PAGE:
I've always loved shopping at Loblaw, and this show of corporate social responsbility will further solidify my consumer loyalty. Kudos to Loblaw!

Wednesday, August 5, 2009

Hero Certified Burgers

Craving a peanut-free burger experience without going the mega-chain route? You might want to check out Hero Certified Burgers. It's an upscale burger joint with 17 locations in the Toronto area. Burgers are 100% Canadian, range-fed, hormone and antibiotic free Angus beef; there's also vegetarian, chicken and salmon burgers available. While it looks like several of the sauces are manufactured on lines that also manufacture peanut and nut products, and should therefore be completely avoided, there are lots of other fresh toppings to pick from, including a great selection of cheeses.

According to the manager on duty at the King and Yonge location, grape seed oil is used for the deep fryer.

I'm going to email the company to see if there's any chance they can start offering some completely peanut-free sauces. Stay tuned.

Always do your own research.

Food Allergy Buzz Review

Check out this review of Peanut Patrol on Food Allergy Buzz! It's one of the food allergy blogs I follow; it's got some good tips on how to enjoy life allergen free and is great resource for allergy information.

Tuesday, August 4, 2009

Ice-Cream Trucks

I've asked a few owners of ice-cream trucks roving the downtown core if the soft serve ice-cream available is safe for peanut allergy sufferers and I've got the same answer several times. And that is that yes, it's safe, as long as no toppings like the chocolate dip, are consumed. Still, while at a local park I'm unconvinced since this particular vendor doesn't speak English and can't answer my questions. Instead, we choose a cherry slushy. Even though we can't inquire about its safety, it seems obvious to us; it's ice and syrup. We share one amongst the three of us, and DJ slurps it back, smacking his lips and declaring it "COLD! COLD! COLD!" The entire experience reminds us that living safely with a peanut allergy while still enjoying life is about being happy for what you can have and not focusing on what you can't.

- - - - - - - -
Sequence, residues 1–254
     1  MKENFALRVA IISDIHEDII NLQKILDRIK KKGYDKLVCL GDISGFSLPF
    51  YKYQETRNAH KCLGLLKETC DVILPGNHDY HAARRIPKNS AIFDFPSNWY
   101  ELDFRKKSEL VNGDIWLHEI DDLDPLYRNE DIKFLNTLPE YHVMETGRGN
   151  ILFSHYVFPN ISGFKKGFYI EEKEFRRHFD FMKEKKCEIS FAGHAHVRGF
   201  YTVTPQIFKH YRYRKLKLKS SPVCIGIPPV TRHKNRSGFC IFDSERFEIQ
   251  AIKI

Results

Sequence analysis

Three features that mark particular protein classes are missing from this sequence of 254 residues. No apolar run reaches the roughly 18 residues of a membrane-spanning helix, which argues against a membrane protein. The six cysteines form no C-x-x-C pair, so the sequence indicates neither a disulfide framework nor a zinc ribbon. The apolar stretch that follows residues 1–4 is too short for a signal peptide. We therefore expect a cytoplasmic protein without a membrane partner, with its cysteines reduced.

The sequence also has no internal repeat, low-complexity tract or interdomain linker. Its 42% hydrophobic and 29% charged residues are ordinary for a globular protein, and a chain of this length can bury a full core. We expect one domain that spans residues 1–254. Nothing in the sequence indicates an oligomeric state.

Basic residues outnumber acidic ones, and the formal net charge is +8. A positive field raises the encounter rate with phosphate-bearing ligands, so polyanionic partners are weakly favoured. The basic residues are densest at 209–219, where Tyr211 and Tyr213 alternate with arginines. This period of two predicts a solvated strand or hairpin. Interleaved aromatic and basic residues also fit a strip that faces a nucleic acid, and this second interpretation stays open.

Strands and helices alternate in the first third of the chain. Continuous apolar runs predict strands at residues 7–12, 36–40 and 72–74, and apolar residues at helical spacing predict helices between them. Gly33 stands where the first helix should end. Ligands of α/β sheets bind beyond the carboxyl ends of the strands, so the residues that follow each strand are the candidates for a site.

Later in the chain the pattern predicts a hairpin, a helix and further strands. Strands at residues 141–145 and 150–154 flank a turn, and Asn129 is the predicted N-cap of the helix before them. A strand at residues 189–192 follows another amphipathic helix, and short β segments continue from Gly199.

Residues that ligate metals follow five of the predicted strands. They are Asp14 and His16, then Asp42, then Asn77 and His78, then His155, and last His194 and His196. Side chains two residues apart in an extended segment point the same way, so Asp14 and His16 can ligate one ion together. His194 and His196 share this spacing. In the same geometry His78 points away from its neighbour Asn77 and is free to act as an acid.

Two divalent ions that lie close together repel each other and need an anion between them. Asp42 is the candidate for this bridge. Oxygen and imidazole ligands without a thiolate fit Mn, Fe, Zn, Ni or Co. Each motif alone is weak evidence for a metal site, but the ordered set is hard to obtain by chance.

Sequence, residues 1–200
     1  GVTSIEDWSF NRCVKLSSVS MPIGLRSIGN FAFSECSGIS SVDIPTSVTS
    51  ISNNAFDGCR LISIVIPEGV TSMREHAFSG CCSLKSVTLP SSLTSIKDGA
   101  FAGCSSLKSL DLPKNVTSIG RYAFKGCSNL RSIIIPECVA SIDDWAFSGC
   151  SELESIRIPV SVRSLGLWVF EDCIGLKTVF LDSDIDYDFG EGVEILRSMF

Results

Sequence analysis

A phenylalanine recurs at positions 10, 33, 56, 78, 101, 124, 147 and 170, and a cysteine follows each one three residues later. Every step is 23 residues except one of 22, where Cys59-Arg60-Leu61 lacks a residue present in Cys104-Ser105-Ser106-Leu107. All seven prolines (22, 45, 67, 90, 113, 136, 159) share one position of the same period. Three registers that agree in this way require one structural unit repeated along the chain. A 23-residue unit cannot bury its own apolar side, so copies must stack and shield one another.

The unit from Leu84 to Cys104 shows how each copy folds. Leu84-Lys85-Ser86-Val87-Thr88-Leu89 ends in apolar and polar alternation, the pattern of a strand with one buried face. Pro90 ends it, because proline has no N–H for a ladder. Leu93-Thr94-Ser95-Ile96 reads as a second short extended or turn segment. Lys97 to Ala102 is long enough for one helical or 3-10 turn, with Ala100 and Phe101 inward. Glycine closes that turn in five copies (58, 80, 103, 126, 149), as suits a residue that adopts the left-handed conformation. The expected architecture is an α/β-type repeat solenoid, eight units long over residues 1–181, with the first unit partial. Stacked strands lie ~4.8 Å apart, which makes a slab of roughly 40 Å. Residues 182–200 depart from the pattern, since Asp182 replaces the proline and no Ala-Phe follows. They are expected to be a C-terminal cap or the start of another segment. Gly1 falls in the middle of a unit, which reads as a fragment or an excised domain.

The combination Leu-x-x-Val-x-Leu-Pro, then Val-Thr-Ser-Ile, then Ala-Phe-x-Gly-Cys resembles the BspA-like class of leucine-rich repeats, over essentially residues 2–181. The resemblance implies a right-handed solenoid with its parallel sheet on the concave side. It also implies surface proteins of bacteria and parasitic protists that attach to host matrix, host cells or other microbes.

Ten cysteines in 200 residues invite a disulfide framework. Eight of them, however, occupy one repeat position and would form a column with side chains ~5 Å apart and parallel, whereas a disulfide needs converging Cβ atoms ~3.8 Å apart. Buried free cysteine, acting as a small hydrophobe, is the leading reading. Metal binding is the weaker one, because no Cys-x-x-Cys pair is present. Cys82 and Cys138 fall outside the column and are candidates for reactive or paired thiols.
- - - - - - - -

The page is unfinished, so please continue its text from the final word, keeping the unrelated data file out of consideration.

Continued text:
Sunday, August 2, 2009

Cobourg Beach - and Hong Kong Gardens

A trip to the beach this weekend - the first really nice hot one this summer - had me looking for safe restaurants to eat at in Cobourg. Not a lot was to be found online. We packed a picnic lunch and decided ahead of time to come home for dinner and order pizza from Pizza Nova. We've ordered there before and feel it meets our safety standards for restaurant food. At the beach though, our friends suggest eating out after long day in the sun. We're tempted, but really, I feel daunted by the idea of driving around Cobourg trying to find somewhere safe to eat. After not being able to find something on-line, I feel skeptical I'll be able to find something on foot. Plus, I dread feeling responsible for deciding about where we can and can't eat as a group, but the reality is that since we didn't bring dinner for DJ with us, I would feel reluctant eating anywhere I wasn't 100% certain was safe. Our friends aren't fussed either way, so we decided to just go our separate ways and head home. We ended up ordering Chinese food after DJ went to bed, which we both felt was slightly risky and something we had agreed not to do before - order in foods where there is high risk of cross-contamination. But realistically, what is the risk in this situation? DJ was already in bed, and would not be eating the food. I still mentioned the peanut allergy to Hong Kong Gardens, our absolute favourite chinese take-out in Toronto. They assured me they cook with vegetable oil and that there were no nuts in any of the dishes we were ordering and said they would ensure no other nuts got into our food.

We feel like we took every precautions to not let peanuts or nuts enter our house, but still enjoy what we like, without any increased risk to DJ. I don't know where that falls on the continuum of how people with PA kids eat in their own homes. Is that too risky, or too anal? What do you think?